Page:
Moyo says that this training or coaching must, for example, shed knowledge on risk management and guarding against commonly known missteps such as overspending or blitz scaling. It must also cover how to circumvent sales slumps and supply fluctuations, which could impact sales, salaries, and in some cases, rent. Additionally, Moyo emphasises that young entrepreneurs should be taught the ability to attract and maintain a good market for their offering, since without customers a business effectively does not exist.
Grace Okezie, a 24-year old Nigerian entrepreneur, founded Royal Graced Bakery Company in 2019. Having gone through the Anzisha Prize fellowship programme, she believes that it was the coaching and mentorship she received from Moyo that helped her secure funding to scale her business. “The sessions transformed my life and business. The skills I acquired during this time helped me put together a great pitch, a good business plan and allowed me to best articulate my business model and unique selling proposition. This helped me project what my funders wanted to hear, making it easy for them to decide to fund us.”
Create and cultivate relationships
Relationships are important. Young entrepreneurs have the opportunity to improve the odds of success by having the right people around them. Moreover, some of these relationships can sometimes morph into mentorship and coaching.
Robert Kiyosaki said it best when he stated, “The richest people in the world look to build networks, everyone else looks for work.” The best entrepreneurs spend time building networks because they understand their role in navigating business challenges, accessing different opportunities, or making the entrepreneurial journey less lonely.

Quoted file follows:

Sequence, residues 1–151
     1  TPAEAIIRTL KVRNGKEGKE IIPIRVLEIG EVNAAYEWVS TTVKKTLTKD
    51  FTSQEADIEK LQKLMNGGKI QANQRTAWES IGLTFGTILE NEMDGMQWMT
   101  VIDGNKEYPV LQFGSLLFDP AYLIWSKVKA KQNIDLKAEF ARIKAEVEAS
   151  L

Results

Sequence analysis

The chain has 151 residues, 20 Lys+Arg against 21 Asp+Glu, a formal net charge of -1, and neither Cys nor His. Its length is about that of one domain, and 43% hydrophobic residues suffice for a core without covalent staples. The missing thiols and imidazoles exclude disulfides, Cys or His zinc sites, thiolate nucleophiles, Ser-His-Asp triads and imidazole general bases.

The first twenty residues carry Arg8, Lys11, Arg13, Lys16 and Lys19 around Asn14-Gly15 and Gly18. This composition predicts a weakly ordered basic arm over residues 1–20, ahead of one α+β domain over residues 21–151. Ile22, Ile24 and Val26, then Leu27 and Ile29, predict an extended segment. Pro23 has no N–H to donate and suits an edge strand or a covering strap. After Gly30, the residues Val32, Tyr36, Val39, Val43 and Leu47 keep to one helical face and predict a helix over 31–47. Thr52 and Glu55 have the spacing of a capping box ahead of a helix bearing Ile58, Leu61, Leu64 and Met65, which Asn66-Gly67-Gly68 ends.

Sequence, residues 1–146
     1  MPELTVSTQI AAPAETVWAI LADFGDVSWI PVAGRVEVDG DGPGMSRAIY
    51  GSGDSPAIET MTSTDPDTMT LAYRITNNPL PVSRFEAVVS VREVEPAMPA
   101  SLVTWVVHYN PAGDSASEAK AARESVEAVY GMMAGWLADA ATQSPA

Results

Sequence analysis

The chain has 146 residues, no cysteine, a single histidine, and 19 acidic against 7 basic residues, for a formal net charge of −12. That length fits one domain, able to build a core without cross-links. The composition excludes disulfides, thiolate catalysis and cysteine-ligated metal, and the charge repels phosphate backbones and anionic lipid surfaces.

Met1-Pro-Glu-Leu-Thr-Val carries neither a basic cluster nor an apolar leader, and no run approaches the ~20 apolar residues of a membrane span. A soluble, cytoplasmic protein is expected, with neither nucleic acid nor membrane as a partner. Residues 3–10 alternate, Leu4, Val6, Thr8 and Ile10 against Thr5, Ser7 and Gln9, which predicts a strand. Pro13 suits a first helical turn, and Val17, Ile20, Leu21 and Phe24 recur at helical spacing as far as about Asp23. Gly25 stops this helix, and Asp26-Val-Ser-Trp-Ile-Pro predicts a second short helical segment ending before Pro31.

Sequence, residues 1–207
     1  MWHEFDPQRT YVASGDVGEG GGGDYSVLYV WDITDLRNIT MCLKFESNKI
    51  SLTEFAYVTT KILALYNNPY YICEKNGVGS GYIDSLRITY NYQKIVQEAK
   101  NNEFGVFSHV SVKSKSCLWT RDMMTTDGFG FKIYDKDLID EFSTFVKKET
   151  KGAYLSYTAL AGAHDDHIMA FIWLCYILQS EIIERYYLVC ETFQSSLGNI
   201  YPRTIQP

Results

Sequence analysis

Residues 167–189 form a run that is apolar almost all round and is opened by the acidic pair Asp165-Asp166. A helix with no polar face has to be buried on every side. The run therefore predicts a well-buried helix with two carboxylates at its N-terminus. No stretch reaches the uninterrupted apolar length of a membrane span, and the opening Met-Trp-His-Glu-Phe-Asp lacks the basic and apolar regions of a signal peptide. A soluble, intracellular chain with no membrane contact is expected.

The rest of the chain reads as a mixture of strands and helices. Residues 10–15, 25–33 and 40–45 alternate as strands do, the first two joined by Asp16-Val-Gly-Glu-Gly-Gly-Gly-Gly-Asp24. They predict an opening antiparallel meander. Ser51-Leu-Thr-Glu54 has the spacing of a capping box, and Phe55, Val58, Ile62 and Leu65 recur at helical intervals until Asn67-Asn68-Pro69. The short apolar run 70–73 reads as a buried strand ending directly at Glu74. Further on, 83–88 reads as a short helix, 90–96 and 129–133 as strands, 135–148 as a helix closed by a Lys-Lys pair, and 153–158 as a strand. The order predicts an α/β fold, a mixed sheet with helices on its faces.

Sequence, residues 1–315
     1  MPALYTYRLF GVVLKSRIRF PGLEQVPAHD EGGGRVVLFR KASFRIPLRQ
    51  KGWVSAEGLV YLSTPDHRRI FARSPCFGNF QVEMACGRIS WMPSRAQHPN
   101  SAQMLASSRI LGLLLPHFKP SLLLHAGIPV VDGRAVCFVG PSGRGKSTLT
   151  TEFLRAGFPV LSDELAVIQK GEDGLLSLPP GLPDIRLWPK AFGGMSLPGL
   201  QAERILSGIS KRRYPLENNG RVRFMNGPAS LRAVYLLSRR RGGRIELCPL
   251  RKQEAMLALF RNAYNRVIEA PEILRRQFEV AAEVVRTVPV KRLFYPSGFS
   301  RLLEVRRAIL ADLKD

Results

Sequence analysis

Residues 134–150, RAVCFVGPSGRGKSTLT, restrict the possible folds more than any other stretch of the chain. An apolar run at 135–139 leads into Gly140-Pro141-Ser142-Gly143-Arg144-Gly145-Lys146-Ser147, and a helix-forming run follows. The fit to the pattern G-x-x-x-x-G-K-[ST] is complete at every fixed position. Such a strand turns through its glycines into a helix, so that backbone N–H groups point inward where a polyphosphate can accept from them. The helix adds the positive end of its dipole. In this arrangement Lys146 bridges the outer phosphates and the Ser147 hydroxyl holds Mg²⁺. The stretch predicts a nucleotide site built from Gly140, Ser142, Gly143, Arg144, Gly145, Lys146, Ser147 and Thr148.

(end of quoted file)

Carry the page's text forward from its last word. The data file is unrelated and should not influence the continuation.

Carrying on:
Young entrepreneurs should, therefore, be afforded the opportunity to engage in activities such as conferences, workshops, competitions, clubs, online communities and so on. “We must build a community of entrepreneurs in different sectors and geographies that can learn and collaborate with one another,” says Moyo.
There needs to be a deliberate focus on helping young entrepreneurs acquire the necessary skills and knowledge to run and grow their businesses. “Many businesses founded by young people on the continent fail for no other reason than the lack of these skills and knowledge,” continues Moyo.
“It is crucial that, during mentorship and coaching, these young entrepreneurs are encouraged to understand their own limitations and the needs of their business, and capacitate themselves and their employees to meet those needs. Training workshops, online courses and skills training initiatives are but a few of the many ways to move them a step closer to success,” she concludes.
About the Anzisha Prize
The Anzisha Prize seeks to fundamentally and significantly increase the number of job-generative entrepreneurs in Africa. The program identifies and supports very young entrepreneurs (15 to 22 years old) and then develops books, case studies, research and other resources for a growing community of parents, educators and investors actively supporting transitions from secondary and tertiary education to early age entrepreneurship. For more information, visit: www.anzishaprize.org
About Natalie Moyo
Natalie is Venture Partner and Entrepreneur Support Associate for the Anzisha Prize Venture Building Fellowship Program. Her role is deeply focused on delivering the venture building support package, identifying and leveraging opportunities to connect entrepreneurs to relevant stakeholders to enable venture growth. It also involves identifying and facilitating cross-community connections, ensuring that the Anzisha Prize Fellows are collaborating and connecting with each other as often as possible.